Vetiver:

Vetiver oil is obtained from Vetiveria zizanoides L., a grass that can be found in both tropical and subtropical parts of the world. The roots of this grass yield an essential oil on steam distillation. The complicated odor profile of vetiver oil is dominated by a woody balsamic tonality of a very special kind. Qualities of vetiver oil that are mainly used in perfumery originate from Java, India, the Reunion Island, Seychelles, and in recent times Haiti, Angola, Brazil and Japan have become sources for this product.

Vetiver oil consists of a complex mixture of more than 150 sesquiterpenoid constituents. The composition and odor quality of the oil is dependent upon its origin. Among the 60 components identified to date, the sesquiterpene alpha-vetivone 1, ß-vetivone 2, and khusinol 3 always occur in the oil in amounts up to 35%. As a result, they are considered to be fingerprints of the oil even though they do not possess the typical odor characteristics associated with vetiver.

Because vetiver oil contains a complicated mixture of sesquiterpenes of differing complex structures, it is unlikely that an economical reconstitution of the oil, will be feasible in the near future.

Structural formulae

Vetiver Notes:
Vetiver oil is used as part of the woody notes for luxury perfumes. The oils of vetiver, patchouli and sandalwood in combination with a jasmin and gardenia complex, is the base of the famous CrÍpe de Chine note. In addition to its importance in classical perfumery, vetiver oil is also used as a base for many modern menís colognes.

Guenther Ohloff: Scent and Fragrances. The Fascination of Odors and their Chemical Perspectives, Springer-Verlag, Berlin and Heidelberg 1994, p. 172 f.

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Sandalwood:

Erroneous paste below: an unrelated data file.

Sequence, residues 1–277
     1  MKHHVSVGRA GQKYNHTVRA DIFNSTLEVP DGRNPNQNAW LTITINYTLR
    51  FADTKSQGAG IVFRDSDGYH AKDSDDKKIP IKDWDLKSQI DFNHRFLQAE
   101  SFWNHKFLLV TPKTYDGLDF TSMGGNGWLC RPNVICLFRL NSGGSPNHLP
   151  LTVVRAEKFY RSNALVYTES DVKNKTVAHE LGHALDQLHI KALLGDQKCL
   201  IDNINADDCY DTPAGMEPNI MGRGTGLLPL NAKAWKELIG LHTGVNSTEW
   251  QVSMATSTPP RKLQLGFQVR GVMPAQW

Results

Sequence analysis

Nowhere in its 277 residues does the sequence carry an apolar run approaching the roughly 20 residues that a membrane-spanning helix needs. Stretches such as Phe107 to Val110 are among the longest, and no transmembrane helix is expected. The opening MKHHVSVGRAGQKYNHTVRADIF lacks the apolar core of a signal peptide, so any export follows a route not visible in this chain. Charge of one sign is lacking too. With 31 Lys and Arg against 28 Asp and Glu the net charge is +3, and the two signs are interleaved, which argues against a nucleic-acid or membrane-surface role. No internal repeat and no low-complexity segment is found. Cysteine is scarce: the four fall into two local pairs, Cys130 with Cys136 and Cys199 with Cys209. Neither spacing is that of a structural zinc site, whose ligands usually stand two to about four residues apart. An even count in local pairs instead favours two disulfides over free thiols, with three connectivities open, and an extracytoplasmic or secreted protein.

East Indian Sandalwood (Santalum album L.) is one of the oldest ingredients for perfumery. It has been in use for more than 4000 years. The essential oil is produced by traditional steam distillation of wood obtained from trees about 40 years old in yields of around 6%. A major proportion of the annual 200 tons of sandalwood oil is produced in the state of Karnataka (Mysore) in India.

The sesquiterpene alcohols (+)-(Z)-alpha-santalol 4 and (-)-(Z)-ß-santalol 5 are the molecular base (90%) of the essential oil. Both alcohols are responsible for the heavy woody odor character of the oil while the bicyclic alcohol 5 also adds to the urinaceous, animalic tonality of the oil.

Structural formulae

Sandalwood Notes:
The exquisite East-Indian sandalwood oil is an established ingredient in fine perfumery because of its specific odor and fixative properties. It is base for heavy oriental creations. There is no synthetic equivalent for the natural sandalwood oil because all efforts to synthesize the santalols 4 and 5 have not led to a commercially viable procedure. A series of replacement products are commercially available, although they are mainly used in functional perfumery.

Guenther Ohloff: Scent and Fragrances. The Fascination of Odors and their Chemical Perspectives, Springer-Verlag, Berlin und Heidelberg 1994, pp. 175-178

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Last update: 2000-06-13